Melbourne hacker and payments security professional Peter Filimore, who, it should be mentioned, cannot play or sing a single note, managed to accrue $1,000 in royalties and knock artists like Pink, Nicki Minaj, and Flume off high spots in online music charts through the use of bots.
In an effort to uncover security flaws in online streaming services like Spotify, Filimore decided to send “garbage” tunes to the top of the charts and generate royalties in the process. Filimore started by using algorithms to compile public domain audio and splicing cheesy MIDI tracks together.
Filimore then purchased three Amazon-linked compute instances — virtual servers that are able to run applications — and created a simple hacking script to simulate three listeners playing his songs 24-hours a day for a month, while accruing reviews that described his music as “rubbish.”
“I’m not a musician,” Filimore told SC Magazine at the Ruxcon security event, held in Melbourne this week. “But I kept hearing that artists were going broke and wanted to look into it. As it turns out, you’re doing it wrong if you want to make money in music by being a musician.”
Filimore’s account was banned by Telstra’s MOG and Spotify, though Filimore suspected it wasn’t through any kind of automation. In the case of MOG, Filimore’s 1,200 plays would have been unusually high traffic, while Spotify users likely reported the popular yet awful music to site admins.
Besides seeing his tunes rocking the tops of the Rdio charts, Filimore’s experiment also netted him $1,000 in royalties and uncovered serious security flaws hidden in the way online streaming services operate, all for the price of $30.
Filimore said that using the same techniques he employed during his experiment, artists could in-effect launch “Denial of Service” attacks against rival artists by directing fraudulent plays from attack-controlled cloud computing instances to the target artist’s account.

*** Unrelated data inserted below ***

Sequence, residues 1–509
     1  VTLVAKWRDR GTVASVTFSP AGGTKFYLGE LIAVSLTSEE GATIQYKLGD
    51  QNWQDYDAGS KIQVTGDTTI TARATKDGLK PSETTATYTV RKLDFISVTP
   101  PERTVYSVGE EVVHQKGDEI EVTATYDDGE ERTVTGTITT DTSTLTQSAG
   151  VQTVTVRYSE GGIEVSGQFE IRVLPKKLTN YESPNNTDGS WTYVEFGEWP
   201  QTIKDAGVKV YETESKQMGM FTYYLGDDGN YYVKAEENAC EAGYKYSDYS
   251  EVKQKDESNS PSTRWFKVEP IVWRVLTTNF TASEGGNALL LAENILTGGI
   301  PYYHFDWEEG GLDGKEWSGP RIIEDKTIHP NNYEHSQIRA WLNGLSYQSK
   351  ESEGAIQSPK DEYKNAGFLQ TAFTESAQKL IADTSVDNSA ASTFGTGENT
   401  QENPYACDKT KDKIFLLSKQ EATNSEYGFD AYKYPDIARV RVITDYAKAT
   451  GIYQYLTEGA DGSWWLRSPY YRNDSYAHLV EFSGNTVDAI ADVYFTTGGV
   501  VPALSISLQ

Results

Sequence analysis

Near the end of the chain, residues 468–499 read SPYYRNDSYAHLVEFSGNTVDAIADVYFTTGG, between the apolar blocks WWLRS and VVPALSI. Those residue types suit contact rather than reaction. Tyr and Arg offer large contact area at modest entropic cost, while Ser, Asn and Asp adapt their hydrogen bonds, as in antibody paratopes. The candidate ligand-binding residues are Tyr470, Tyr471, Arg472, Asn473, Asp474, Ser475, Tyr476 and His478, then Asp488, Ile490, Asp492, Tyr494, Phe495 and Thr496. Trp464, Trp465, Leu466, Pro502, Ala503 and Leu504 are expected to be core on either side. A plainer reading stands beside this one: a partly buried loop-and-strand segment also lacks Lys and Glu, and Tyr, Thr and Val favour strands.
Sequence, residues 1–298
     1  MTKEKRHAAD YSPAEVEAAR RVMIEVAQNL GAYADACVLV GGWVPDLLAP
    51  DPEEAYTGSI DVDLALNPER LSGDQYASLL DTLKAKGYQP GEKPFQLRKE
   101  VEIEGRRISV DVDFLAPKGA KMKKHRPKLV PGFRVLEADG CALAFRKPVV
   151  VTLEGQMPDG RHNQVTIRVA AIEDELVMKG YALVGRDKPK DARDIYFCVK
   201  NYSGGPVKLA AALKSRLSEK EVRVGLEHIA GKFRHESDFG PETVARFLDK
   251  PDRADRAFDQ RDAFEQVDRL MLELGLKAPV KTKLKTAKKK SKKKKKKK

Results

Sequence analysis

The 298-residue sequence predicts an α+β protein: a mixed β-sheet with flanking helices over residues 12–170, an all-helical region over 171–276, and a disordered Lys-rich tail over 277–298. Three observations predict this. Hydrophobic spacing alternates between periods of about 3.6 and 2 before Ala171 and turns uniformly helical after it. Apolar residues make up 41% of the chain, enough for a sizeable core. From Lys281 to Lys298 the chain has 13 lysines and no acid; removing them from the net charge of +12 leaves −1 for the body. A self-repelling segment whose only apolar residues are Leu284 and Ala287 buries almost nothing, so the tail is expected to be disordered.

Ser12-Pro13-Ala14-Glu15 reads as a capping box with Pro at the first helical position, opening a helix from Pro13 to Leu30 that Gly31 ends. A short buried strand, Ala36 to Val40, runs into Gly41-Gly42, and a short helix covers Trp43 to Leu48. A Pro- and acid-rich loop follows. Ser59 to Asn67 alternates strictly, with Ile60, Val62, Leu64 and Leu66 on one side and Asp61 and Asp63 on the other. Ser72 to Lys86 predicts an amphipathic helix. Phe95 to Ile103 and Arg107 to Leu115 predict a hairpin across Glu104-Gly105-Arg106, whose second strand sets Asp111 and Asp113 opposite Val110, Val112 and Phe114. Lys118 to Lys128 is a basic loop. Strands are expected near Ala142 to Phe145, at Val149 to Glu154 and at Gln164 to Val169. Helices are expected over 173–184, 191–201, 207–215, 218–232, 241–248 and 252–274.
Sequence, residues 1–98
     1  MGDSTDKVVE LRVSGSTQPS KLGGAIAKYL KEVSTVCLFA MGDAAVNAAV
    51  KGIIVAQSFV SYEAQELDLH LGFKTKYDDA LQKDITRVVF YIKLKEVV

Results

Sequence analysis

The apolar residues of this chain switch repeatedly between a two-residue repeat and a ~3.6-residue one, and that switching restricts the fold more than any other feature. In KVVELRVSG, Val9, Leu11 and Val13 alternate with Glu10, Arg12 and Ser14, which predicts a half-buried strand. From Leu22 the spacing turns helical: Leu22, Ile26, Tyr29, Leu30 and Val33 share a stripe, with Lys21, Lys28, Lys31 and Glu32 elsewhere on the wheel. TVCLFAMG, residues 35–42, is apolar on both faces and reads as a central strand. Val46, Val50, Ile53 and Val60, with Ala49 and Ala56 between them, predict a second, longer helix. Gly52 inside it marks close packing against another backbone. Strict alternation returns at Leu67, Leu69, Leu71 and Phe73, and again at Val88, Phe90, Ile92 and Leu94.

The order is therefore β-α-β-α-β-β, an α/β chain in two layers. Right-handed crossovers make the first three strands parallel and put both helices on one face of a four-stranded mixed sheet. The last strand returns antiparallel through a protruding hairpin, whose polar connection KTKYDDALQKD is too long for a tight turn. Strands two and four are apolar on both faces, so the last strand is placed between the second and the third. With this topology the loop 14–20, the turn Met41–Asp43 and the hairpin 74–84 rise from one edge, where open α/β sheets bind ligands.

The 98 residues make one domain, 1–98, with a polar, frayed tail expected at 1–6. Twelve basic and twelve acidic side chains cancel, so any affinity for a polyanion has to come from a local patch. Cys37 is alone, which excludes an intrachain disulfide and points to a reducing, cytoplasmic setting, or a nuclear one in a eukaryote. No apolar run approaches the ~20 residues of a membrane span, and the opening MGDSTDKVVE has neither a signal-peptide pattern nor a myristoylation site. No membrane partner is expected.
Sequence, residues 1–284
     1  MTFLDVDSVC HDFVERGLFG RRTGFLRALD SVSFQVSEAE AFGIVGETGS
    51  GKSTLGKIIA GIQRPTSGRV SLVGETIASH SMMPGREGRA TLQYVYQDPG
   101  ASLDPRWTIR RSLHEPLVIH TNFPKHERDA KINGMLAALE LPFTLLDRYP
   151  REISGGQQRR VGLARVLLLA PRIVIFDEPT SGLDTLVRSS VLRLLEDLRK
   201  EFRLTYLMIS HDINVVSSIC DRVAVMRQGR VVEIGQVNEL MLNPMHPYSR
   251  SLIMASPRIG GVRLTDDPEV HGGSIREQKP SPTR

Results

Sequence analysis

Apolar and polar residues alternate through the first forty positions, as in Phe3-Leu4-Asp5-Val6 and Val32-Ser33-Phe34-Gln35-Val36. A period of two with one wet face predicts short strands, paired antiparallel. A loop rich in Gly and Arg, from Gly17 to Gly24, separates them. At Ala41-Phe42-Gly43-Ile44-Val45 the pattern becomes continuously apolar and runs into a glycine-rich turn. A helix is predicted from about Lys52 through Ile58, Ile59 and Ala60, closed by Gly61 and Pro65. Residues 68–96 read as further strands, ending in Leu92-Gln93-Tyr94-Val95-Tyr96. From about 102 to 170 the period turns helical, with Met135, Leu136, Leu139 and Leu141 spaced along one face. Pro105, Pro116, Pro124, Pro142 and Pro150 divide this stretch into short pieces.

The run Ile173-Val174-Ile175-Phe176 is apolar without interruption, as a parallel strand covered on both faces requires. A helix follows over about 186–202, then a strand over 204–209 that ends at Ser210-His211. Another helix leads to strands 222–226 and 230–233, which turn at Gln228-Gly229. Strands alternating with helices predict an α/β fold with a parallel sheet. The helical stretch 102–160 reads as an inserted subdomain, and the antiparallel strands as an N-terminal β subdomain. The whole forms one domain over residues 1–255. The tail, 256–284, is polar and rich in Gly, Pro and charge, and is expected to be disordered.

Filimore also explained that using a larger cluster of computing instances could potentially generate thousands of dollars in fraudulent royalties. He said that he’d seen another “fake” artist who appeared to be scamming royalties, operating under the name ‘Scam Artist’.
Readers can check out Filimore’s talk at Ruxcon 2013, titled ‘How To Top The Charts with Zero Melodic Talent and a Few Friendly Computers’, below.
Watch: Ruxcon 2013 Talk On ‘How To Top The Charts With Zero Melodic Talent’
UPDATE: Spotify have contacted Music Feeds with a statement in regards to Filimore’s suspicions regarding his account’s eventual ban from the music streaming service. They say, although there are automated processes in place to identify suspect activity, the actual removal of the unwanted music is a manual process. Read the whole statement below.
“Spotify understand there needs to be a tight balance between providing artists with the freedom get their music out to millions of passionate music fans across the world, and ensuring this freedom isn’t abused by a minority.
“Any artist can get their music up on Spotify through our various aggregators quickly and simply, which is critical to Spotify’s belief in offering a truly democratic music service to artists and users alike.
“Filimore’s comments about not having any type of automation are incorrect. We do have automated systems in place that regularly check to identify and flag any suspicious streaming activity (such as in his case). The removal of any ’fake’ music though is a manual process to ensure ‘real’ content is protected.
“We have these aforementioned systems in place as a priority to protect real artists and the integrity of the content on our platform.”
(Via SC Magazine)